Has Britain Got a Talent for Spite?

Following the aftermath of the Britain’s Got Talent final, I’ve been asked for quotes and analyses of the whole Susan Boyle phenomenon, with the news that she is suffering from exhaustion and allegedly being assessed until the Mental Health Act. Given that one  in four of us will suffer some form of mental health problem, it’s important to put it all into context. An assessment is different from a diagnosis.

I’ve been asked if I thought Susan Boyle’s behaviour was ‘weird’ after the result. Reporters and presenters have commented that she didn’t make eye contact with Ant and Dec and even showed her leg, which apparently was disturbing. Had it been a 28 year old showing a leg, I doubt whether the same comments would be made. Again, let’s put it into context. Looking at the footage, we can see that she smiled and applauded Diversity, and was very gracious. As for her ‘strange behaviour’. It’s important to acknowledge that she has had little or no media training. Ant and Dec make it look effortless but they have been in the spotlight for nigh on 20 years. Again, it seems that the body language brigade and spouting its usual bullshit. Susan’s Boyle’s body language was not different from most people in her situation. And as for the wiggling and leg flashing, well wasn’t that intended as a bit of fun? Do we all do strange things in strange circumstances? Also, reports of her back stage tantrum have more than likely been greatly exaggerated. Even a seasoned professional would not be a model of composure given the same amount of pressure.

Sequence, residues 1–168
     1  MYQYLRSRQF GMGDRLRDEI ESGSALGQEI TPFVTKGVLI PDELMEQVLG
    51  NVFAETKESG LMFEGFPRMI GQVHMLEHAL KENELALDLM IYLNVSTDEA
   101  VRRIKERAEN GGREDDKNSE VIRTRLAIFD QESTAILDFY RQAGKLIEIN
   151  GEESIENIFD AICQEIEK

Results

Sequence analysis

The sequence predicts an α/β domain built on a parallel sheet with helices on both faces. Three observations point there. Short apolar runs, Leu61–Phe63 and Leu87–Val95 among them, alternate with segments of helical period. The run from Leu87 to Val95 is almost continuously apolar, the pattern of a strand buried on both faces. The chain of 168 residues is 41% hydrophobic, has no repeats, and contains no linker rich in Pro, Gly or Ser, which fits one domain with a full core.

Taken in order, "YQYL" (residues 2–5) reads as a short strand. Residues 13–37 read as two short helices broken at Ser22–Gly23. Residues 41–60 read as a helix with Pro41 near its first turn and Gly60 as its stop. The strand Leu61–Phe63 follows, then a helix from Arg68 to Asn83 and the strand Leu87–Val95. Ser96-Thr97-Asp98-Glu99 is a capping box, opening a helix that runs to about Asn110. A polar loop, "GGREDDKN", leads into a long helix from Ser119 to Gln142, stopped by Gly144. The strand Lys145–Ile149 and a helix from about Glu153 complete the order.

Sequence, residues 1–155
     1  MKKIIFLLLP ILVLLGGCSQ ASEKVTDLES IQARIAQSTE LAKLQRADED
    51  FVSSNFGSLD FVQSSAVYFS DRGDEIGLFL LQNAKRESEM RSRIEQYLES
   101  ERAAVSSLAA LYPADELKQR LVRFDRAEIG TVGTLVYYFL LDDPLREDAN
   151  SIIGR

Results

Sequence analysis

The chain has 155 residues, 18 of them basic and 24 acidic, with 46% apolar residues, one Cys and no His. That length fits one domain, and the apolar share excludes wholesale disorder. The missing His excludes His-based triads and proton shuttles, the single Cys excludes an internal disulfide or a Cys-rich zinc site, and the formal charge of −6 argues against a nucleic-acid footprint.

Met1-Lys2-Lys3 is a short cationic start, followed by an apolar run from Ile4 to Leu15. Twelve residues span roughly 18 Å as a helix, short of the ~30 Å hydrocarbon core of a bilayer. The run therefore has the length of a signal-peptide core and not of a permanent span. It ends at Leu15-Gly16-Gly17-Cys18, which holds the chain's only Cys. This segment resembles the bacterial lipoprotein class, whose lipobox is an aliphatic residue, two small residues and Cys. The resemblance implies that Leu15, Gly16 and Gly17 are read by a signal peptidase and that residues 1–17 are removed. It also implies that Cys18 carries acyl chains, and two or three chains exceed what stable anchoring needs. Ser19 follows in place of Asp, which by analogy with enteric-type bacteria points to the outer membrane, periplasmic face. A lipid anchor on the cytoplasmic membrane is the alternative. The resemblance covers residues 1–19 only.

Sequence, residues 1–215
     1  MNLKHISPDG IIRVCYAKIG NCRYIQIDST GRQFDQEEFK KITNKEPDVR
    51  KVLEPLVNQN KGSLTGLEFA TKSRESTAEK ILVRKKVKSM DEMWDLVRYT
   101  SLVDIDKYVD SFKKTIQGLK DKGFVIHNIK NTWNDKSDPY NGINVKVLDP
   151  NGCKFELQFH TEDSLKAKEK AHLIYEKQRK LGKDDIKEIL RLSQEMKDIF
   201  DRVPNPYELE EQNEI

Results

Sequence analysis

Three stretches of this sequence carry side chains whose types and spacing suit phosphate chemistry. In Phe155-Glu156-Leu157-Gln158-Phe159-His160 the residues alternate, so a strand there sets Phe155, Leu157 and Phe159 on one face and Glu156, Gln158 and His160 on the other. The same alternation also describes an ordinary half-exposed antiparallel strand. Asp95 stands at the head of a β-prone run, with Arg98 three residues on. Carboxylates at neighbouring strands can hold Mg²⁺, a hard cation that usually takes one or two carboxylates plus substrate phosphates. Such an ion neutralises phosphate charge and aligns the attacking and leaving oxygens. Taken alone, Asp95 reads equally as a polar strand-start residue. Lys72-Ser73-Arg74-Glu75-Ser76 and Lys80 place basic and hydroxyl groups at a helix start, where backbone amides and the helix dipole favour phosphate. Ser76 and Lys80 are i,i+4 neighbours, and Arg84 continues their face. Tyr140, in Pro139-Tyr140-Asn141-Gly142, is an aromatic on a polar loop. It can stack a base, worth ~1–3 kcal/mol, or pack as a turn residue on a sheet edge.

It’s all too easy to jump to conclusions and interpret any behaviour as symptoms of ‘mental illness’ once you’ve made up your mind that someone is mad! There’s a classic 1970s study where researchers went undercover and pretended to have mental health problems, and made notes throughout their assessment. The only people who realised they were faking it were the real patients. One of the interesting outcomes was that the phrase ‘patient engages in writing behaviour’. So, the field notes had become a symptom!